Deaths-Head Revisited

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"Deaths-Head Revisited"
The Twilight Zone episode
Episode no.Season 3
Episode 9
Directed byDon Medford
Written byRod Serling
Featured musicStock
Production code4804
Original air dateNovember 10, 1961 (1961-11-10)
Guest appearances
Oscar Beregi, Jr.: Captain Lutze (Mr. Schmidt)
Joseph Schildkraut: Alfred Becker
Karen Verne: Inn Keeper
Robert Boon: Taxi Driver
Ben Wright: The Doctor
Episode chronology
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"It's a Good Life"
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"The Midnight Sun"
The Twilight Zone (1959 TV series) (season 3)
List of episodes

"Deaths-Head Revisited" is episode 74 of the American television anthology series The Twilight Zone. The story is about a former SS officer revisiting the Dachau concentration camp a decade and a half after World War II. The title is a play on the Evelyn Waugh novel Brideshead Revisited.

Opening narration[edit]

Mr. Schmidt, recently arrived in a small Bavarian village which lies eight miles northwest of Munich... a picturesque, delightful little spot one-time known for its scenery, but more recently related to other events having to do with some of the less positive pursuits of man: human slaughter, torture, misery and anguish. Mr. Schmidt, as we will soon perceive, has a vested interest in the ruins of a concentration camp—for once, some seventeen years ago, his name was Gunther Lutze. He held the rank of a captain in the SS. He was a black-uniformed strutting animal whose function in life was to give pain, and like his colleagues of the time, he shared the one affliction most common amongst that breed known as Nazis... he walked the Earth without a heart. And now former SS Captain Lutze will revisit his old haunts, satisfied perhaps that all that is awaiting him in the ruins on the hill is an element of nostalgia. What he does not know, of course, is that a place like Dachau cannot exist only in Bavaria. By its nature, by its very nature, it must be one of the populated areas... of the Twilight Zone.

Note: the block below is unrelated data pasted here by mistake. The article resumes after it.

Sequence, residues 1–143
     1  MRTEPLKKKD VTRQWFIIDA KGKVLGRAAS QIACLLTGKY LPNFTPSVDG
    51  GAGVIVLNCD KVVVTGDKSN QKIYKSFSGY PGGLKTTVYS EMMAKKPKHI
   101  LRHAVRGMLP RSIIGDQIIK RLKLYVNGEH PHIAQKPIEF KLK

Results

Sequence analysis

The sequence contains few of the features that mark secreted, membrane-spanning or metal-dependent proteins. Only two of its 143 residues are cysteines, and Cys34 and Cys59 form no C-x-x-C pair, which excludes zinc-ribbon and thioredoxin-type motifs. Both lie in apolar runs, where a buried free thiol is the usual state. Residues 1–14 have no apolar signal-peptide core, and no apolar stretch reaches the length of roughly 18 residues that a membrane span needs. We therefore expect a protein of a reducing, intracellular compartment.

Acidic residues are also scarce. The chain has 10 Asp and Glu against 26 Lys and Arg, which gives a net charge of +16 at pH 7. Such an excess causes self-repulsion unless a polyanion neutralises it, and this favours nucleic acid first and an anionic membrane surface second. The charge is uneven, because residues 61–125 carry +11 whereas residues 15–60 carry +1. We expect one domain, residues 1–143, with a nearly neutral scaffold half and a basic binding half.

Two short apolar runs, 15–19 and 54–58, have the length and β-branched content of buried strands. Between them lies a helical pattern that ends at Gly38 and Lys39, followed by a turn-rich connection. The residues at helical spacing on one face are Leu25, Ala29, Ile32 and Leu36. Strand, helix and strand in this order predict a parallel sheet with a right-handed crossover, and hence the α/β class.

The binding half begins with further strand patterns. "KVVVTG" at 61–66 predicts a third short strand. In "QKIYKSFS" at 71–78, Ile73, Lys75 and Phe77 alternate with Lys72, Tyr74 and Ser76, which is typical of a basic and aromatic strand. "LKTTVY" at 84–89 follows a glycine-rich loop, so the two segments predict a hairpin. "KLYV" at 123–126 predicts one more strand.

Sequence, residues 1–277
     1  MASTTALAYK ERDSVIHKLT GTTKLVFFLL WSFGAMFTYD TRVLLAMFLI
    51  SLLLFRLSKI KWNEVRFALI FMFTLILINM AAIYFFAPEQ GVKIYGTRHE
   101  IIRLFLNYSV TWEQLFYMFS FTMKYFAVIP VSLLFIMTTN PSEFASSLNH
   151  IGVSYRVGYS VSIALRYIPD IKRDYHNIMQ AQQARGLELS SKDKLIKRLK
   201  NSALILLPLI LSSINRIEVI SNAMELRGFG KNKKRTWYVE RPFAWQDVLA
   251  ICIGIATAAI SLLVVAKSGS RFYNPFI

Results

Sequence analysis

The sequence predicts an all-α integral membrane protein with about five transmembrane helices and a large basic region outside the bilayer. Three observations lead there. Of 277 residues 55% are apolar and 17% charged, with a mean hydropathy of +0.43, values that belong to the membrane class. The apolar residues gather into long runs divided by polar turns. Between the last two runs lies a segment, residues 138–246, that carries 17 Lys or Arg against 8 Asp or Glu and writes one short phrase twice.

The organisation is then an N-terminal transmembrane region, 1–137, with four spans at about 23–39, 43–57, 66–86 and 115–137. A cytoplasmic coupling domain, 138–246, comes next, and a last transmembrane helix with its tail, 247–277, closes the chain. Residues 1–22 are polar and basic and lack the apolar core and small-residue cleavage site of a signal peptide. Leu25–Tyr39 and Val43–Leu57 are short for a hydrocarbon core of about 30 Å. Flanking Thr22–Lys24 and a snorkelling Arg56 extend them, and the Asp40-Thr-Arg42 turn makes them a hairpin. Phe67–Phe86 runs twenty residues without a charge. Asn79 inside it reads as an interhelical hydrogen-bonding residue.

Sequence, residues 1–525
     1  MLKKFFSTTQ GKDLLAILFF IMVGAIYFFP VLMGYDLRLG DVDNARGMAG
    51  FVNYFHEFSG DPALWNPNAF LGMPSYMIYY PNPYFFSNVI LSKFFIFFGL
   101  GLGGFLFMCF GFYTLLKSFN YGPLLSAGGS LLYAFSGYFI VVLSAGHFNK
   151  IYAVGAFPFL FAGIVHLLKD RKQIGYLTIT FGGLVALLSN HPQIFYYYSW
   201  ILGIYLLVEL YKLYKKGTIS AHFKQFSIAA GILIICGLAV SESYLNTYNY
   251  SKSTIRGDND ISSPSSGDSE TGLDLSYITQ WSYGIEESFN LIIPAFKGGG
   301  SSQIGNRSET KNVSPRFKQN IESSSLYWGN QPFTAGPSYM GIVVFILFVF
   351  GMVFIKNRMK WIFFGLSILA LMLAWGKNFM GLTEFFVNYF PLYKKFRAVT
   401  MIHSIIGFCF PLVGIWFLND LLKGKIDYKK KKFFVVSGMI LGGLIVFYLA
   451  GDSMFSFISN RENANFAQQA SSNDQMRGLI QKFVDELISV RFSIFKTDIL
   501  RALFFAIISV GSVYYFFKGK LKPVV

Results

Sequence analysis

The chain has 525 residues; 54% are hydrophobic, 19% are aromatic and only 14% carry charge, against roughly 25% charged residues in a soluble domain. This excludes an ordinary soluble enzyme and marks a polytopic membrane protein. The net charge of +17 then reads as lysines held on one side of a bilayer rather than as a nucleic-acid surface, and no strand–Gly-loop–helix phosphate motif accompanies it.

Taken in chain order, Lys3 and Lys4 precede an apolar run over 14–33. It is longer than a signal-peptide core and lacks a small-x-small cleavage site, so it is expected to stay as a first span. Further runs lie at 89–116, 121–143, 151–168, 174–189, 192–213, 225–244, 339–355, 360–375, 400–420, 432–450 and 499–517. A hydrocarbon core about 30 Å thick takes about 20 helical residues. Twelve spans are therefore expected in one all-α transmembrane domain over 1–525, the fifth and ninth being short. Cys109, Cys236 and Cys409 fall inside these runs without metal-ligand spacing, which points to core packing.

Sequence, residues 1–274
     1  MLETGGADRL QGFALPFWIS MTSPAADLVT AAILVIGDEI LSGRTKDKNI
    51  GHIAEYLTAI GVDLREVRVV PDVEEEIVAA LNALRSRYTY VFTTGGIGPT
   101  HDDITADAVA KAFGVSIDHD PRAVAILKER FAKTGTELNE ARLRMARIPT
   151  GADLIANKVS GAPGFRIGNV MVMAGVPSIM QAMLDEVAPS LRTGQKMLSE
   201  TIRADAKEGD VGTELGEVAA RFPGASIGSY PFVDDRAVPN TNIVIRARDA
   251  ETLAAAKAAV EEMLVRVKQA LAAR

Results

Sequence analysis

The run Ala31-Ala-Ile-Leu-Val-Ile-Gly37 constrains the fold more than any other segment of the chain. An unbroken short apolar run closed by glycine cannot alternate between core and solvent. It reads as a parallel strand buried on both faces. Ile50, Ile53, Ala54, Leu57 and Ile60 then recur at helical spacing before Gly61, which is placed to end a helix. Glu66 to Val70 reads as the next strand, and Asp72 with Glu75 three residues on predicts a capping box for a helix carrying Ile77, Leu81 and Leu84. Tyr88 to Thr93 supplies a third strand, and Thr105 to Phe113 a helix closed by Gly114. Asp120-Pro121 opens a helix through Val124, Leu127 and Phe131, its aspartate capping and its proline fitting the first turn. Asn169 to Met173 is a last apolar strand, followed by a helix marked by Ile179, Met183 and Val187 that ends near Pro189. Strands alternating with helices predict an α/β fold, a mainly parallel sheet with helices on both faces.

Plot[edit]

Gunther Lutze, a former SS captain, checks into a hotel in Dachau, Bavaria, under the name "Schmidt". The receptionist seems to recognize him, but he deflects suspicion by claiming to have served in the panzer division on the Eastern Front during World War II. He asks if a nearby camp is a prison. When the receptionist says that it was used as a kind of prison, he presses her for a further explanation, even though it soon becomes clear that he knows the exact purpose of the camp. He ventures to the site, the now-abandoned Dachau concentration camp, to recall his time as its commandant during the war.

As he strolls around the camp, he smugly and sadistically recalls the torment he inflicted on the inmates. He is surprised to see Alfred Becker, one of the camp's former inmates and a particular victim of Lutze's cruelty, and equally surprised that Becker seems unchanged in the intervening 17 years.